From last summer, let's recall the pro-Lamont post by Jane Hamsher (of Firedoglake fame) at Huffington Post that in and of itself was fairly innocuous except for one glaring problem: a photoshopped image of Joe Lieberman in blackface. Needless to say the fallout was fast and furious, and the image was taken down at Huffington Post, though it remains available still over at Jane's place. That was followed by a somewhat bratty non-apology "apology." The artist who did the very crappy photoshop job on old Holy Joe was also characteristically dismissive. Slate's John Dickerson referred to Jane as "the blogger who isn't helping Ned Lamont." BAGnewsNotes had some commentary of its own:
Also, excuse me for being technical, but the phrase "choice of image" is not that forthcoming, either. As I understand it, Hamsher didn't just choose this illustration -- she conceived it.A pretty good graphic meta blog post can be found at ebogjonson, who creates a graphic titled should I use blackface on my blog? Liza at Culture Kitchen had a scathing meta rant titled "Jane Hamsher is an idiot" which not only takes Hamsher to task, but also Barb of Mahablog fame who chooses to play the role of enabler. Kai Chang has another thoughtful rant (yes, rants can be thoughtful!), Blackface Joe: Five Grievances. Just the tip of the old iceberg on that one, but you get the picture.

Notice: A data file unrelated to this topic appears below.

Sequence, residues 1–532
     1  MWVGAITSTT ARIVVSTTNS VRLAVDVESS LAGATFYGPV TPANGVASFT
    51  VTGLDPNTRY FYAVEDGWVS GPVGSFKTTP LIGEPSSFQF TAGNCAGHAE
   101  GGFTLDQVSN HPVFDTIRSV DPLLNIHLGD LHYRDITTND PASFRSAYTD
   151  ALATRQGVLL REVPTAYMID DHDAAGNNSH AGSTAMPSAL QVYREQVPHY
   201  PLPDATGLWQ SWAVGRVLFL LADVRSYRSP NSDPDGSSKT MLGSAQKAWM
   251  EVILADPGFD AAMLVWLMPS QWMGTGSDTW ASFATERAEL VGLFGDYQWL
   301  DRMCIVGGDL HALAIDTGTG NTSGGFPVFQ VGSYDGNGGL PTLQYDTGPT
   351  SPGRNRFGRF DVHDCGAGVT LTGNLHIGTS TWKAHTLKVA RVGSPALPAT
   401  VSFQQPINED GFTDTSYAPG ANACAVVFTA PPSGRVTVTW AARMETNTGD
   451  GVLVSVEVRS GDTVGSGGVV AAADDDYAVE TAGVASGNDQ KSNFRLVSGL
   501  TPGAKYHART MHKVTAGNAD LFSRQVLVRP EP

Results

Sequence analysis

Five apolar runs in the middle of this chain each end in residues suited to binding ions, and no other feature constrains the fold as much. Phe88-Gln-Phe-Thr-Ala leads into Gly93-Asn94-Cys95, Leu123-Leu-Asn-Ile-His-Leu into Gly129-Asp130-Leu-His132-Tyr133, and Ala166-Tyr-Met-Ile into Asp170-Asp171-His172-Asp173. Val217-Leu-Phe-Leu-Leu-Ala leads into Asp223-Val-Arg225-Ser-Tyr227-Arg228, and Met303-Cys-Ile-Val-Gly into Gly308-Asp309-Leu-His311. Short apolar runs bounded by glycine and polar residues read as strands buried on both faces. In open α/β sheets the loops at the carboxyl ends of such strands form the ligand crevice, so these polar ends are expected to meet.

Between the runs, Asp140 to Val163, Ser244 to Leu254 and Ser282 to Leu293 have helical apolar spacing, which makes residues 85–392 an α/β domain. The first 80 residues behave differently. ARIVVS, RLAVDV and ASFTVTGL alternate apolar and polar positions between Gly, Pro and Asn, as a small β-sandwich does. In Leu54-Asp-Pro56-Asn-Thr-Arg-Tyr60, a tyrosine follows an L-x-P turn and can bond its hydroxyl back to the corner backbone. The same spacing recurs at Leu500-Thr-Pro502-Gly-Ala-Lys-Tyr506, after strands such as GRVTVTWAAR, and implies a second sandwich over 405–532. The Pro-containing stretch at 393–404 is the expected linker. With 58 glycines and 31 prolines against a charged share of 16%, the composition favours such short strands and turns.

On the visual alone, the use of "black face" is so culturally loaded, it's hard to believe Ms. Hamsher wouldn't see this coming back at her. But then, maybe she truly is missing the visual dynamics of the sphere. (As a further reflection of the mindset, FDL -- in spite of its prominence and heavy use of graphics -- has yet to adopt photo or illustration credits as standard practice.)Finally, doctoring Lieberman side-by-side with Bill Clinton only heightens the blasphemy. But it's based on the controversial campaign flier, you say? Sure. But, because Hamsher's post made no mention of the flier, and had nothing to do with race, how were Huffington Post readers supposed to "appreciate" the context?
Let's move on to September of this year. Several A-list bloggers got to bask in the glory of Bill Clinton at a lunch in Harlem. That in and of itself is essentially par for the course. And yet, there seemed to be something missing from the lovely photo-ops. Notice it? Well, Liza (among numerous others) sure did. The A-listers in attendance were, as one might expect, quite oblivious and not too terribly keen on fielding those uncomfortable questions about the lack of, say, Black and Hispanic bloggers at the luncheon. Chris Rabb simply notes that blogtopia is largely reflective of society at large - the racial inequities we find in the world outside blogging show up here as well. Kai makes note of a chasm illuminated, and of a wide perceptual gulf that we ignore at our own peril. of course leave it to TRex (who strikes me from what I've read of him as the gay "liberal" equivalent of David Duke - Donna's quick capsule summary of his general anti-Asian vibe is a must) of FDL to say: